The foundation of freedom is primarily economic, not political

Venture capitalist Bill Frezza has published an excellent essay today entitled "Egypt needs free enterprise more than democracy." In it, he refers to and expands on the insights published by influential economist Hernando de Soto last week in that author's Wall Street Journal editorial entitled "Egypt's economic apartheid," which catalogs the lack of property rights in Egypt and the numerous obstacles to starting any kind of business there.

In his article, Mr. Frezza argues: "The deepest malady afflicting the Egyptian people, and most other underdeveloped countries for that matter, is not lack of the vote. It's the inability to open a bakery without spending two years hacking and bribing through a bureaucracy designed to stomp on independent businesses."

Agreeing with Mr. Frezza, which we do, does not mean that one does not think democracy and a vote are important human rights, which we do as well. The important point that he is making is that without economic freedom, the trappings of political freedom (including the vote) are meaningless. In other words, the foundation of freedom is ultimately economic, rather than political, and that is a very crucial point (and one that many who do enjoy freedom sadly do not understand).

We have argued this point last year, in this post entitled "Jefferson on economic freedom," in which we quoted Thomas Jefferson on the subject, as well as George Gilder, who made the argument this way:

"Elections -- counting heads rather than breaking them -- are a prime tool of democracy, but hardly its essence. [. . .] Elections every day would not make a democracy of a society in which the decisive political forces are teenage gangs with guns and terrorist courtiers doling out foreign aid to an intimidated populace. No tenable theory of democracy allows the majority to destroy or expropriate the minority. Without a functioning and legally protected capitalist system, democracies swiftly sink into ochlocracies. Without the independent private sources of power imparted by free businesses, unbiased courts, and other institutions of economic order, any democracy becomes a despotism ruled by any tribe of thug politicians that manages to gain control" (the Israel Test, 224-5).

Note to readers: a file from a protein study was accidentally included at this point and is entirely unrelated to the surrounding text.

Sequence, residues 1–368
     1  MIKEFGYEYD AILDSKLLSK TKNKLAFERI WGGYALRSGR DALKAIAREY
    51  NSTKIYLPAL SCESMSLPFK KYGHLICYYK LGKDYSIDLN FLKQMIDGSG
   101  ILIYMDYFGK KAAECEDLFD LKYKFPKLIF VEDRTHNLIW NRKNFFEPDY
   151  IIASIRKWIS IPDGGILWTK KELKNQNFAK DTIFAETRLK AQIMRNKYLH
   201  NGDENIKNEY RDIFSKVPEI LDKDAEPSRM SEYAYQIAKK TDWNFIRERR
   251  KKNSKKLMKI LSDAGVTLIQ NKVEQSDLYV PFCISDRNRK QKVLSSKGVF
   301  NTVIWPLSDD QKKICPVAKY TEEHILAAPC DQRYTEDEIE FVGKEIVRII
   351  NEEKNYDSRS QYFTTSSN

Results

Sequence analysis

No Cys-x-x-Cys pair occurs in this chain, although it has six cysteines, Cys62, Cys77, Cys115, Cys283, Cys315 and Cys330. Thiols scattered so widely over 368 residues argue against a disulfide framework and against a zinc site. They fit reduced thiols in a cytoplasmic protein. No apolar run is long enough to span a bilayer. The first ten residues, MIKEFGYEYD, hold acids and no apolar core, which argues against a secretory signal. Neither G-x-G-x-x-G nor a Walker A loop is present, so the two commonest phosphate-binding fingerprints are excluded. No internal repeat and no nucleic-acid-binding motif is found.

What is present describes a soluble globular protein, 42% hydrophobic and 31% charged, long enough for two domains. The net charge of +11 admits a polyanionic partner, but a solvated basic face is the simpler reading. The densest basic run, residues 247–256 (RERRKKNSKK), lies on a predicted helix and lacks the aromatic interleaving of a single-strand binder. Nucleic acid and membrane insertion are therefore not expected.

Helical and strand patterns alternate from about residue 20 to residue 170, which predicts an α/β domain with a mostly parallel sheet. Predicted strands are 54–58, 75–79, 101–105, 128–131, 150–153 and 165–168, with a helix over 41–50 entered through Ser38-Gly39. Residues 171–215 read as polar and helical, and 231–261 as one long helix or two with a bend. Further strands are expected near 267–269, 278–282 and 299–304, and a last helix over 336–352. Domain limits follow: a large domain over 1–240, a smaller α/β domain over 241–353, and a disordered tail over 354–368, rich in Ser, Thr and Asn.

We're in good company when we make this argument. Thomas Jefferson was heavily influenced by philosopher John Locke (1632 - 1704), who made the exact same argument. Locke believed that property rights are a natural human right (along with life and liberty), and went so far as to say that "government has no other end, but the preservation of property."

In his Second Treatise on Government, Locke argued that if the power of the government (even if democratically elected) is used to seize people's property or harass their persons, it is nevertheless a tyranny, while a monarchy that secures life, liberty and property is far more free. He wrote:

"'Tis a mistake to think this fault is proper only to monarchies; other forms of government are liable to it, as well as that. For wherever the power that is put in any hands for the government of the people, and the preservation of their properties, is applied to other ends, and made use of to impoverish, harass, or subdue them to the arbitrary and irregular commands of those that have it: there presently becomes tyranny, whether those that thus use it are one or many" (paragraph 201).

These principles are very important to understand, especially in light of the current events in the Middle East.

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